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The Batman (2022): Review

Written by,
J. Johnson

The Dark Knight makes a thrilling return with Robert Pattinson dawning the famous cowl.

Set during the second year of his crime fighting career, The Batman follows the titular superhero/Bruce Wayne (Robert Pattinson) as he pursues the Riddler (Paul Dano), a serial killer targeting the corrupt Elite of Gotham City, in the week following Halloween. You see Batman battling his inner demons while these murders are committed throughout Gotham.

The Batman, immediately starts off without the old trope of Batman’s origin story – no Martha/Thomas Wayne death scene, training montages of how he became Batman and the old homecoming of Bruce before dawning the suit. The city is already familiarized with the presence of the Batman and what he brings to the city. Love how director utilizes the shadows in Gotham to show that no matter what The Batman could possibly be, striking fear into those who try to test the limits of Gotham’s people. It added a level of horror that hasn’t been seen in a Batman movie. This version of Batman is a rebel that only serves Gotham, a renegade hero whose view of anyone else is dictated by his childhood trauma. Even though this version of Batman is such a rebel, Matt Reeves and Peter Craig gives us a Batman who is still trying to figure out how to be the Caped Crusader.

The Batman doesn’t focus on introducing new ideas that we haven’t truly seen in a Batman film before but it focus on components that haven’t played a major focus on the story and characters involved. That goes to the centralized idea of the film, like Bruce Wayne being the “world’s greatest detective,” teaming up with Jeffrey Wright‘s James Gordon to solve a series of puzzles and murders from The Riddler. Many would point out that this duo is a homage to David Fincher‘s Se7en along with the heinous ways the Riddler which definitely shows up throughout the film in various ways. It’s safe to say, that The Batman is a PG-13 film with a gritty tone and added horror-detective noir elements that work in tandem.

Robert Pattinson as The Batman; Credit(s): Warner Bros. Pictures & DC Films

The cast rounds out the film pretty well too as it adds extreme depth to the film despite the story elements and plot devices. Robert Pattinson, takes Bruce Wayne & Batman by molding them into the same person. While he dawns the cowl you get this soulful stare as he moves around the room pointing out the clues for everyone to pay attention to. As Wayne, Pattinson gives that same level of despair but someone that just needs to keep up appearance. That detective switch still running as he tries to find anything out of the ordinary. You get an actor who’s putting everything into these two characters while playing to the formidable fight skills and detective skills which is a much need change in pace for the beloved hero. Zoe Kravitz is a reflection of who Pattinson’s Batman is in that she’s battling her own inner demons while trying to get what she wants out of the ones that did her wrong. Whenever, Kyle and Pattinson’s Batman are together it’s the only time that he’s not this dark and brooding figure waiting in the shadows. It adds a new layer to the character although it can be a little overwhelming at times. Kravitz’s portrayal of Catwoman alone on screen depicts a more grounded take on the character than many others who portrayed the antihero. Paul Dano‘s takes a new approach with the Riddler. He’s sadistic, deranged but calculating in the overall scheme he wants to accomplish. This iteration of the Riddler is that of a tragic villain in that, his actions are sympathetic in nature, even if he’s murdering others with that said, Dano manages to take the Riddler and shine. Andy Serkis‘ take on Alfred Pennysworth is tremendously done while complimenting Bruce with the necessary love. Colin Farrell portrayal of Oswald Cobblepot/The Penguin is so much fun in this film that he steals the scene every time the opportunity arose. You can tell that he channeled his inner Robert De Niro at times. John Turturro manages to make Carmine Falcone this disgusting mob boss that gets under your skin with how much he can get away with that you want Batman to get him or the Riddler.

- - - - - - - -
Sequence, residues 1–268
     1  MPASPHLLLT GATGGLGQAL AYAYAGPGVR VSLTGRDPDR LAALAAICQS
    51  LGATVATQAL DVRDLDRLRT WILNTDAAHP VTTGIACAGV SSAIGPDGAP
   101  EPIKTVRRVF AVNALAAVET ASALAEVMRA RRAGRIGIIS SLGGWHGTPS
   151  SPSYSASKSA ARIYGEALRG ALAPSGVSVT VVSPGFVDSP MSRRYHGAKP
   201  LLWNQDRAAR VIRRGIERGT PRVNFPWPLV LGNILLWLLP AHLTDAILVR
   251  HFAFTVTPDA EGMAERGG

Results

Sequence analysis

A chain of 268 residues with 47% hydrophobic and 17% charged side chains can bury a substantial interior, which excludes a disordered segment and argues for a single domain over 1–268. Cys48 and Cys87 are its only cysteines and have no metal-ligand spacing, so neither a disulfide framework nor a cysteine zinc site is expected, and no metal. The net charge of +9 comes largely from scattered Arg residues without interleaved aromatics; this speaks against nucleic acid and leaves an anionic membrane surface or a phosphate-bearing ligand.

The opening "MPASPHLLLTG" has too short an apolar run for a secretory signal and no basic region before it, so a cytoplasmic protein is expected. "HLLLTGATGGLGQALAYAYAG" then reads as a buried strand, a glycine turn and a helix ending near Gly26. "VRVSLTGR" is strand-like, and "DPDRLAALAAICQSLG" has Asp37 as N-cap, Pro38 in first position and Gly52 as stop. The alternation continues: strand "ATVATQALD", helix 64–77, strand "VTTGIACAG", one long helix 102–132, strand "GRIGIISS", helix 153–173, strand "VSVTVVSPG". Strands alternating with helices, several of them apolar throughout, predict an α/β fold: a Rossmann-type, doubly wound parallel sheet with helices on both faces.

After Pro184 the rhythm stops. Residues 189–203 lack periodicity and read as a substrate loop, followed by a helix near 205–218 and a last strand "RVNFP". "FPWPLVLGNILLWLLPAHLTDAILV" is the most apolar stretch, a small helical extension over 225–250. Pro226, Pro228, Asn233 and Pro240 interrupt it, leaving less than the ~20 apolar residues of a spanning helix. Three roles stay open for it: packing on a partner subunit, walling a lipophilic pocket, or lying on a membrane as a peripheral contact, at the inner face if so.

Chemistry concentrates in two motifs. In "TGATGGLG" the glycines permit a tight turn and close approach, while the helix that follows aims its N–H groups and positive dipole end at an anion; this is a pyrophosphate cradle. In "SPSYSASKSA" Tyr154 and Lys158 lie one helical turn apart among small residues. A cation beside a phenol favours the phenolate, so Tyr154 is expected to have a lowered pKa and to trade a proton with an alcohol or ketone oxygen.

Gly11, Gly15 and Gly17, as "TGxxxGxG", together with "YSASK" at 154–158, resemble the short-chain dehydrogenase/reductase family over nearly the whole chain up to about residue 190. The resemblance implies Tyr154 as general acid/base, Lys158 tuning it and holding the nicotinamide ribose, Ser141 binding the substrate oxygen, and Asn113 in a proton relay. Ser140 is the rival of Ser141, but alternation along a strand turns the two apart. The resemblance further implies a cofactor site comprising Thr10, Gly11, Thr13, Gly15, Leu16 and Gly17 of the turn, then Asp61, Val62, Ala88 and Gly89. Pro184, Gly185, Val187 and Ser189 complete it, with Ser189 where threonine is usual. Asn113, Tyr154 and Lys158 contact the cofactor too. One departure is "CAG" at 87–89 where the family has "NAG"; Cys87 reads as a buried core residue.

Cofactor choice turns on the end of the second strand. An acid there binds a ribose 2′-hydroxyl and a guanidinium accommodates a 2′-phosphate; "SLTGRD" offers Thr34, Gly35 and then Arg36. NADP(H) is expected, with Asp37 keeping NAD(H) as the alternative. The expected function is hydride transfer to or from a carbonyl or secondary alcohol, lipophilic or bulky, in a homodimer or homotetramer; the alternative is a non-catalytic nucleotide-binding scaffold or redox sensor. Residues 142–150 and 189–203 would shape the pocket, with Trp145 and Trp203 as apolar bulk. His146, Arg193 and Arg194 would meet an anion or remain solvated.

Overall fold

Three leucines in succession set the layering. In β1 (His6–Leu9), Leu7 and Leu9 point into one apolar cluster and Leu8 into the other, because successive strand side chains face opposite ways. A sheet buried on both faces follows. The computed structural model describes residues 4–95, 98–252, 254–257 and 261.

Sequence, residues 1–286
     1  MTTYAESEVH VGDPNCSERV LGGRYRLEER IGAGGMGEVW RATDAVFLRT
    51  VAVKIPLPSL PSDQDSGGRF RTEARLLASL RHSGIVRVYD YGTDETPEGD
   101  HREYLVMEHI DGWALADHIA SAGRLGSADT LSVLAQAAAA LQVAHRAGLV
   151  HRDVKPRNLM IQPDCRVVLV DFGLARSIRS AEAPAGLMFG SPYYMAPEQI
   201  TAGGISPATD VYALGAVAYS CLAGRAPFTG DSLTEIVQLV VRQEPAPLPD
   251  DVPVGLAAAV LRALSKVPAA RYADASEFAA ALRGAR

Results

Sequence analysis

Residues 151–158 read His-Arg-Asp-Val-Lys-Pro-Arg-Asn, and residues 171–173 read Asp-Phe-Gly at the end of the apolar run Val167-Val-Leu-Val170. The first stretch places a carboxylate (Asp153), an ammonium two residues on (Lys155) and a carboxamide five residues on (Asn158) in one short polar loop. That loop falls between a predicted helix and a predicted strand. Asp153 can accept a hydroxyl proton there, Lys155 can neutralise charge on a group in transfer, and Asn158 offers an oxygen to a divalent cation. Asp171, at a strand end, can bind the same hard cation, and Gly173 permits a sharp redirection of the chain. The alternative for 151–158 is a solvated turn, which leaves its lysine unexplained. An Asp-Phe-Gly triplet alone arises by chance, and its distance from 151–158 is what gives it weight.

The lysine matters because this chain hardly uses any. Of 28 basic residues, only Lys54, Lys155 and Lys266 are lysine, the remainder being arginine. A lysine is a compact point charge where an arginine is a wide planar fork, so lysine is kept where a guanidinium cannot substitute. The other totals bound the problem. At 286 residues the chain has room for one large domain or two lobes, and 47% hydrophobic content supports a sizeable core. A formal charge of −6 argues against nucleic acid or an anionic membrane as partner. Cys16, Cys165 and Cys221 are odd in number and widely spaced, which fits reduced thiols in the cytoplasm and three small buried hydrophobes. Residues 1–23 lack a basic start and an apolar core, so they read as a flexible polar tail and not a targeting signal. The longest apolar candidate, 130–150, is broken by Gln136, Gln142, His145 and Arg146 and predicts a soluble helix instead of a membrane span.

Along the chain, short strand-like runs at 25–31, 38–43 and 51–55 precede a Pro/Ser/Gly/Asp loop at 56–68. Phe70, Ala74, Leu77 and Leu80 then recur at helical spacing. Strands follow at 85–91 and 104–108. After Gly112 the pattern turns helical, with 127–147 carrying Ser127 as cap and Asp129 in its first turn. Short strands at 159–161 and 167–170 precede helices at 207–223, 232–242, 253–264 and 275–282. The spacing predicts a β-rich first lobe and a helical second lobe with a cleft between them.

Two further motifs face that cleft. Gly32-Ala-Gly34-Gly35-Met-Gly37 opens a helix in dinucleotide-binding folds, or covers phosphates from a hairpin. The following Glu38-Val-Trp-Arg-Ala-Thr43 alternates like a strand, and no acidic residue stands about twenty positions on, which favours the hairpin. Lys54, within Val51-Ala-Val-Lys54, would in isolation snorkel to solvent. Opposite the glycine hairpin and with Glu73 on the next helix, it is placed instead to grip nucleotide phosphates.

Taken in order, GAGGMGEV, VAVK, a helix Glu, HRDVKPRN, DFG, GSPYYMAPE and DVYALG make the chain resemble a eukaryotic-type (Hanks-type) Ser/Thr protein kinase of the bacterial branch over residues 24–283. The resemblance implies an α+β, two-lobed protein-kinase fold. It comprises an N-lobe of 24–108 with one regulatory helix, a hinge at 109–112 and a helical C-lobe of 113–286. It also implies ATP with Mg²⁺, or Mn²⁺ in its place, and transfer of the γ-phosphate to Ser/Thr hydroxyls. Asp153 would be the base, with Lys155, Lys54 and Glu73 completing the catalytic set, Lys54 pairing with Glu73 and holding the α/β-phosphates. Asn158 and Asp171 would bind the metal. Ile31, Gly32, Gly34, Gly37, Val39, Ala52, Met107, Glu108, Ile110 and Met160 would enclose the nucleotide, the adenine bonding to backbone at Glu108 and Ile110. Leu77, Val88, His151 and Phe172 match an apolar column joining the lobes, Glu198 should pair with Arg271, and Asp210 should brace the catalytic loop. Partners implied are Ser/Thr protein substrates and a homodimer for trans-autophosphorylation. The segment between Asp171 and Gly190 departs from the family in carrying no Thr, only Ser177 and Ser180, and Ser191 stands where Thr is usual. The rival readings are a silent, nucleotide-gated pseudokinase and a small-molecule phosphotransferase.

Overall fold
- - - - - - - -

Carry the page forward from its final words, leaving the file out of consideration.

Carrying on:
The Batman (Robert Pattinson) & Catwoman (Zoe Kravitz); Credit(s): Warner Bros. Pictures & DC Films

After 14 movies The Batman, has managed to stand out from the others as a film that can stay true to the beloved vigilante by adapting the horror and thrill depicted in the comics. This version of Batman is not the seasoned hero, Ben Affleck portrayed but an inexperienced detective whose sole purpose is to fight for Gotham ends up battling himself. We get those flashes throughout when he’s escaping GCPD, the chase with Cobblepot with the Bat-mobile or when he’s fighting groups of criminals in the gutters of Gotham but we still have a man who wants to prove to himself that he can be the city’s beacon of hope. What we’re left with is a Batman who finally has been able to overcome the mired past of his family but still out to defend those who can’t defend themselves. This darkest Dark Knight may not be for everyone but it’s a gripping take on the 80 year old Caped Crusader.

Rating: 4 out of 5.
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